A state senator wants to expand a law giving legal protection to those under 21 who call 911 when alcohol leads to a medical emergency.
The Indiana Lifeline Law provides amnesty to young people who seek medical attention for a person who has consumed too much alcohol.
Now, Sen. Jim Merritt (R-Indianapolis) wants the law changed to include all medical emergencies.
"That would include falling out of a tree, a fight, if a person is under the influence of anything from drugs to coffee to alcohol," said Merritt, "We are proposing that if a person is not responsive, if a person is in need of medical attention, we do not want any barriers."
Merritt is touring campuses around the state getting feedback and says he has anecdotal evidence that the Lifeline Law is working and believes broadening its language will help even more.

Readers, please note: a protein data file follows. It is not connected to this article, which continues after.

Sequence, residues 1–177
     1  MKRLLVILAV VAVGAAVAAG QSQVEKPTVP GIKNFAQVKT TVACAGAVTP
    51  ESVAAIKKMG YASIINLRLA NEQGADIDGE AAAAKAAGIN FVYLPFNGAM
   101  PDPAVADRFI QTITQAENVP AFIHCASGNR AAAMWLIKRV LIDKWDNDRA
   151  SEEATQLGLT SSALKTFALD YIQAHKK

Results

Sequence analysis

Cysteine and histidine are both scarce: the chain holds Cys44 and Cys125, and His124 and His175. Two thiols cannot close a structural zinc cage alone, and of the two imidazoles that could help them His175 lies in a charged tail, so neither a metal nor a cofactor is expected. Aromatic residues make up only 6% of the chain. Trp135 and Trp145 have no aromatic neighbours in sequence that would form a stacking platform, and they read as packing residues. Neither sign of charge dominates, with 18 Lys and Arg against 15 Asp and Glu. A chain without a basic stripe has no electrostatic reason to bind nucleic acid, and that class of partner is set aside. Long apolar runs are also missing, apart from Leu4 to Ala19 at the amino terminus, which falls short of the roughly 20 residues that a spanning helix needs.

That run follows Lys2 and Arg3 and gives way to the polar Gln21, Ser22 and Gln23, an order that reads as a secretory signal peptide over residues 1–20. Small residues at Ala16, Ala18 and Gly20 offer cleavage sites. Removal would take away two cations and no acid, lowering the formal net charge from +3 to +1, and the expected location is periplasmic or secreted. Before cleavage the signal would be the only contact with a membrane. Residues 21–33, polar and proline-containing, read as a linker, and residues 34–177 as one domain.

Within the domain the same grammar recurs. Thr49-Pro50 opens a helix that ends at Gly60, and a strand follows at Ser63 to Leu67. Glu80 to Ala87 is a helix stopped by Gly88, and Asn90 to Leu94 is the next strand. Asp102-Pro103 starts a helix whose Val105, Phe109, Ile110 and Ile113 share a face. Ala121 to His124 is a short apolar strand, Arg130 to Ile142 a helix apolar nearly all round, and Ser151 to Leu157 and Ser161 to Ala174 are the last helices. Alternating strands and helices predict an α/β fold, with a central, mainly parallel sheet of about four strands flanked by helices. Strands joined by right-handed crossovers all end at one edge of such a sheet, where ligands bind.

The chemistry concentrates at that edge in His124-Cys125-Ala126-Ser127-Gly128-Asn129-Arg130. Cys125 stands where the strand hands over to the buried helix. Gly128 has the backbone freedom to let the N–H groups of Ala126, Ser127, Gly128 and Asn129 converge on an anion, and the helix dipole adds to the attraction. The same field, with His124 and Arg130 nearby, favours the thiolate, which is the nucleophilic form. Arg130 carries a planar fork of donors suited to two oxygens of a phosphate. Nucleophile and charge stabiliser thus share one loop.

"We don't condone any of this action. But, there always has to be gray in the law and I believe that people make mistakes," said Merrit. "Hopefully they will learn from them, but I am not really about the reckless behavior, as much as I am about saving a life."
Some argue the law opens the door for substance abuse, but Tammy Loew of Purdue’s Student Wellness Office thinks it is encouraging more young people to make a call and supports Merritt's idea.
"A law like this gets put into place as an after the fact," she said. "We know that something has already happened and somebody is in a life threatening situation. So, we want people to feel comfortable saving their life."
Merritt will introduce the proposed change during the next legislative session which starts in January.